Emmy sees a job advertisement for the London Evening Chronicle and sees that as a path to her dream.  Alas, the job available is a typist position for an old bat named Henrietta Bird.   Mrs. Bird is an advice columnist and she’s a tightly wound prude who tosses out letters she deems inappropriate.

The first part sounded promising to me but I couldn’t connect.  It was slow and boring for me. That’s against the grain to what others are saying about this book so I am in the minority.

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My Twenty-Five Years in Provence: Reflections on Now and Then.    It’s Peter Mayle’s last book.  This was in the works for publishing before he died in January.  If you have read any of this Englishman’s Ex-Pat literature about his life in Provence and enjoyed it, you will like this book as well.

He reflects on past excursions, how they came to live in France, language lessons, French culture and culinary wonders.  I have read most of his other books, the fiction and the memoirs, and enjoyed them.

While I will say this wasn’t the best of his Provence memoirs it was still lovely to read.  Lost and good photos in this book which will take the armchair traveler to rural parts of France.

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Linking up with  Joy’s Book Blog for British Isles Friday
BriFri

Raven Black by Ann Cleeves

ravenblackI decided to “visit” the Shetland Islands through Anne Cleeves descriptive prose for my armchair traveling.

Raven Black is the first book in the Shetland series.  This book starts with the introduction of Inspector Jimmy Perez and the murder of a beautiful teen aged girl, Catherine Ross. Seems just about everyone in the small town believes eccentric Magnus Tait is responsible for the murder of Catherine. She was strangled and left in a snowy field near Magnus’ house.
Magnus is clearly a mentally deficient person although capable enough to live on his own. But is he capable of murder?

A young girl named Catriona had disappeared some 10 years earlier and Magnus was their prime suspect. No body was found and he couldn’t be charged. But did he do it? This girl’s disappearance is introduced early in the novel to establish the mistrust of old Magnus as well as give the reader one of many suspects to consider for Catherine’s murder.

In addition to Jimmy Perez we have multiple perspectives. Each chapter gives us a different point of view. Fran Hunter and her ex-husband Duncan who have a young daughter named Cassie. Fran is the one to discover Catherine’s body.
Sally Henry is a teenager, Catherine’s friend and the daughter of a school teacher. It’s very difficult to attend school when your parent is a teacher. Hard to fit in and be trusted. There is Robert, a tall handsome student who Sally is interested in. Robert’s father is a big figure with the upcoming festival Up Helly Aa. We don’t meet Robert’s father but you can tell how important and prestigious it is that Robert is involved in his father’s business and the festival.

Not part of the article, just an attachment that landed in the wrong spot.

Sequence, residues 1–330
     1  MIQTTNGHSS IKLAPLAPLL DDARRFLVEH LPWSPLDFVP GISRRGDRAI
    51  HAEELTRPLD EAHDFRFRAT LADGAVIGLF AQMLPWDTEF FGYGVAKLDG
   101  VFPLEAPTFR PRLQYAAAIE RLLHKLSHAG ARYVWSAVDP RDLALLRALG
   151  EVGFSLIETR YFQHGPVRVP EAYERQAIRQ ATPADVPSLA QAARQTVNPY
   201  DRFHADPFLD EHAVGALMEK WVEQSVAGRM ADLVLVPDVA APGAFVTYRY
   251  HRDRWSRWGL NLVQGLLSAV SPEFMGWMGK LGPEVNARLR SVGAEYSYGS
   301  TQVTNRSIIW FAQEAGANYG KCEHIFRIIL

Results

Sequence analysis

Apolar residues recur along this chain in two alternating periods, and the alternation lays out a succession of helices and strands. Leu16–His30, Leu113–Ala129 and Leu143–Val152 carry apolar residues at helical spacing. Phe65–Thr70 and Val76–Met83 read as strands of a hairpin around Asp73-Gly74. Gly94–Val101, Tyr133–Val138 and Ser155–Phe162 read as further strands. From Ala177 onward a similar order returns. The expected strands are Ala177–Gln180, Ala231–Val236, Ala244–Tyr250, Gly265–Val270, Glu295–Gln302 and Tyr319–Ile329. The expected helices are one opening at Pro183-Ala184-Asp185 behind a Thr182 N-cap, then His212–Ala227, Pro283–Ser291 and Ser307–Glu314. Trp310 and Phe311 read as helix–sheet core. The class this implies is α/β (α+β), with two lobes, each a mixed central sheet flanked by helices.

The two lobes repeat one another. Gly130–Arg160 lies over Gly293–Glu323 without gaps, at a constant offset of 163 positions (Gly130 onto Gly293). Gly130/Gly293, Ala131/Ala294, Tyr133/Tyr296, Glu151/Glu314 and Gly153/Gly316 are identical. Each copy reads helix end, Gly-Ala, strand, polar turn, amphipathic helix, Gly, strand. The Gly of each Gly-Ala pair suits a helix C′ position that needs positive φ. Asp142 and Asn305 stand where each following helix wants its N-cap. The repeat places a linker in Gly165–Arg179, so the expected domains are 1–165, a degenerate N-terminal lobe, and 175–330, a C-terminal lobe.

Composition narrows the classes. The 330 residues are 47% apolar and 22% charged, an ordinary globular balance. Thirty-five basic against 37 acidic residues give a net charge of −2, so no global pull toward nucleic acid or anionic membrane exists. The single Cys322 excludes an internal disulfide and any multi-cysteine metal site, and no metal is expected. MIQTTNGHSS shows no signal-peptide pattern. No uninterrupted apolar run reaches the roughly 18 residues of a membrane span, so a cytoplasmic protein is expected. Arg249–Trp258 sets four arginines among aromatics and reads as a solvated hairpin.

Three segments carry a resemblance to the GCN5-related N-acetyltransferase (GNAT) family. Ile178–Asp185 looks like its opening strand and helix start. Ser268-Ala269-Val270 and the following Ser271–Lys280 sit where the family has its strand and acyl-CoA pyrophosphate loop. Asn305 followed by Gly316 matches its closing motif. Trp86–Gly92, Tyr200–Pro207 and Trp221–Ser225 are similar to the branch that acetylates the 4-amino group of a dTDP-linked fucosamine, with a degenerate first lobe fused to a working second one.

There are preparations for Up Helly Aa, something I had to look up because I had no idea what it is. To read about the festival, make travel arrangements to visit and get involved, click HERE.  I added an interesting video at the end of the post explaining Up Helly Aa.

When I grabbed the book at the library and read the flap I wondered how a name such as Jimmy Perez came up on a remote Scottish island. It is explained early on about his ancestor, probably from Spain, shipwrecked near Shetland. I pictured Antonio Banderas so was shocked to see a reddish-brown haired man playing this part on the TV series. I haven’t picked up the series yet, just watched a preview in IMDB.

Anyway, he settled on Fair Isle and generations of Perez families prospered. Jimmy is a good detective and an empathic man and longs for a family life. I like this guy.

The weather is almost a character in its own right. It comes up so much and it’s so very descriptive about the wind, the ice, the snowdrifts, the cold. If you like mysteries and police procedurals this may be a book for you. This one has potential for sure and I already like a few of the characters so I will continue with book 2 next.

Foodie stuff: Stopping at the coffee shop for a mug of milky coffee and a pastry with apricots and vanilla or a slice of chocolate cake. Tea and coffee, lots of it. Drams of whiskey, bottles of wine, toast and jam.

And now for a treat, click below for Learning with Rowan to see what Up Helly Aa is all about. Looks like a fun festival but oh so cold!

Learning with Rowan about Up Helly Aa

Linking up with:
Joy’s Book Blog for British Isles Friday
Heather for her August Foodie Reads

The Family Tree Factbook

The Family Tree FactbookGenealogy is one of the most popular hobbies in the U.S. Personally I have been looking into various branches of my family history for decades. This has caused me to amass a great deal of paperwork, charts and genealogy related source books. It’s always nice to look over a genealogy reference book and find new tips and resources.

The Family Tree Factbook is great resource book for the beginner with a wealth of information, web links, physical addresses, suggestions and keys to acronyms. This isn’t only a good reference for beginners as I saw some great links I will be checking out, not that I’m a professional by any means but I have been researching and collecting for over 30 years. This book it points you in the right direction. This is more for the United States researcher and not as much for those researching other countries.

What I would change about the publication: I would like to see a few photos or charts but that’s my personal preference. Also, in the Kindle version I received you can’t search the table of contents. The subjects are listed in the beginning of the book but there isn’t a corresponding page to search. As you go through the book I know you can bookmark specific pages of interest but a searchable table of contents would be helpful.